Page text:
COPA DEL MUNDO DE ATLETISMO.SEVILLA99 from Jorge Molina Lamothe on Vimeo.

Seville is more than 2,000 years old. The passage of the various people instrumental in its growth has left the city with a distinct personality, and a large and well-preserved historical centre.
The city was known from Roman times as Hispalis. The nearby Roman city of Italica is well-preserved and gives an impression of how Hispalis may have looked in the later Roman period. Existing Roman features in Seville include the remnants of an aqueduct.
After successive conquests of the Roman province of Hispania Baetica by the Vandals and Visigoths, in the 5th and 6th centuries, the city was taken by the Moors in 712 and became an important centre in Muslim Andalusia. It remained under Muslim control, under the authority of the Umayyad, Almoravid and Almohad dynasties, until falling to Fernando III in 1248. The city retains many Moorish features, including large sections of the city wall.
Following the Reconquest, the city's development continued, with the construction of public buildings including churches, many in Mudéjar style. Later, the city experienced another golden age of development brought about by wealth accumulating from the awarding of a monopoly of trade with the Spanish territories in the New World (See Winds in the Age of Sail). After the silting up of the Guadalquivir, the city went into relative economic decline.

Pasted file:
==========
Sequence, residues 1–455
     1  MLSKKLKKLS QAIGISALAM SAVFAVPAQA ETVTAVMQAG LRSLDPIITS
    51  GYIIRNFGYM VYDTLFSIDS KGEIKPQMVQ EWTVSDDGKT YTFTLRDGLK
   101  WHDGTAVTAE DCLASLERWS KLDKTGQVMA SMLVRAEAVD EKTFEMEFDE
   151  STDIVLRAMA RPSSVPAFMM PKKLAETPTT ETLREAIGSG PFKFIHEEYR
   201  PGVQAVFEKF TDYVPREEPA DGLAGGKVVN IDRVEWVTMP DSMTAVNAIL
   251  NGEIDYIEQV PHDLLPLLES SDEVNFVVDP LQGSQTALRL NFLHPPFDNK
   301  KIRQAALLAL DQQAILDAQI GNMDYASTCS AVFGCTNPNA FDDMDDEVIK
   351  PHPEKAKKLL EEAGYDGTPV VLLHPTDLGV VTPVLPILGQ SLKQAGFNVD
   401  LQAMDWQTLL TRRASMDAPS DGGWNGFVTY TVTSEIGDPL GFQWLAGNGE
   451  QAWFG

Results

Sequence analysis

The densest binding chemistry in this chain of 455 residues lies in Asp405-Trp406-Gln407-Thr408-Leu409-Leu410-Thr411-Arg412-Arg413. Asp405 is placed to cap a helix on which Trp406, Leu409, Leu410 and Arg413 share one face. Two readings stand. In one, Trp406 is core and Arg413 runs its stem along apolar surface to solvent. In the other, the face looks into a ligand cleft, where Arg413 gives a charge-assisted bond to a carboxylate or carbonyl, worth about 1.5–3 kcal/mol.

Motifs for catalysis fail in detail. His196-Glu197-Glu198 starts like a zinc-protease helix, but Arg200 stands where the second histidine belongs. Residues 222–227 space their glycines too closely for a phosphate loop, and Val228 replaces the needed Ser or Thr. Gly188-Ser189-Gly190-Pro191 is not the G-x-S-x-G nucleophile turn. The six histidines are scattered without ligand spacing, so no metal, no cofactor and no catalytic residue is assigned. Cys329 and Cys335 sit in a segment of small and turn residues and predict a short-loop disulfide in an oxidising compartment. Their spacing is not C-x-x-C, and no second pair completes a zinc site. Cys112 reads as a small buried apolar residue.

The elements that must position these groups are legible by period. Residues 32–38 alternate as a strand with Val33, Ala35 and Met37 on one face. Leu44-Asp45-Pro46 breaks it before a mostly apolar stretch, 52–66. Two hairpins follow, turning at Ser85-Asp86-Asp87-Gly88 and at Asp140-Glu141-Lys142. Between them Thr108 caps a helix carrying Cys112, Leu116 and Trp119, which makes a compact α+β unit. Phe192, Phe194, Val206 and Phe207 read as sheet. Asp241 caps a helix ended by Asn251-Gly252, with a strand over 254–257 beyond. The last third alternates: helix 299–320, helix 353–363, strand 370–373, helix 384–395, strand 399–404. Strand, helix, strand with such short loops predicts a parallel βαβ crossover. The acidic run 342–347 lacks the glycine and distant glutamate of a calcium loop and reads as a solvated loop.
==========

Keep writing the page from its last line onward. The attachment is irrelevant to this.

Seville's development in the 19th and 20th centuries was characterised by population growth and increasing industrialisation.
Seville fell very quickly to General Franco's troops near the beginning of the Spanish Civil War in 1936 due to its proximity to the invasion force coming from Morocco. After the initial takeover of the city, resistance continued amongst the working class areas for some time, until a series of fierce reprisals took place.[1][2]

Main city sights

Seville city's cathedral was built from 1401–1519 after the Reconquista on the former site of the city's mosque. It is amongst the largest of all medieval and Gothic cathedrals, in terms of both area and volume. The interior is the longest nave in Spain, and is lavishly decorated, with a large quantity of gold evident. The Cathedral reused some columns and elements from the mosque, and, most famously, the Giralda, originally a minaret, was converted into a bell tower. It is topped with a statue, known locally as El Giraldillo, representing Faith. The tower's interior was built with ramps rather than stairs, to allow the Muezzin and others to ride on horseback to the top.

Torre del Oro
The Alcázar facing the cathedral has developed from the city's old Moorish Palace; construction was begun in 1181 and continued for over 500 years, mainly in Mudéjar style, but also in Renaissance. Its gardens are a blend of Moorish, Andalusian, and Christian traditions.
The Torre del Oro was built by the Almohad dynasty as watchtower and defensive barrier on the river. A chain was strung through the water from the base of the tower to prevent boats from traveling into the river port.
The Town Hall, built in the 16th century in Plateresque Style by Diego de Riaño. The Façade to Plaza Nueva was built in the 19th century in Neoclassical style.
The University of Seville is housed in the original site of the first tobacco factory in Europe, La Antigua Fabrica de Tabacos, a vast 18th century building in Baroque style.